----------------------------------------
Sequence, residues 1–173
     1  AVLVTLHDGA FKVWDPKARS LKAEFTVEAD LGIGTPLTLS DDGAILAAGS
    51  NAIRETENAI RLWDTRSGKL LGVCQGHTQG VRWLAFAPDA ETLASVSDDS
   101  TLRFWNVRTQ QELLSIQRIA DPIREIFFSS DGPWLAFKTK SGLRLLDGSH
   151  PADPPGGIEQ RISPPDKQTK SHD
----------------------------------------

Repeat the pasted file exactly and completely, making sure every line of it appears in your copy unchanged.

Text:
Sequence, residues 1–173
     1  AVLVTLHDGA FKVWDPKARS LKAEFTVEAD LGIGTPLTLS DDGAILAAGS
    51  NAIRETENAI RLWDTRSGKL LGVCQGHTQG VRWLAFAPDA ETLASVSDDS
   101  TLRFWNVRTQ QELLSIQRIA DPIREIFFSS DGPWLAFKTK SGLRLLDGSH
   151  PADPPGGIEQ RISPPDKQTK SHD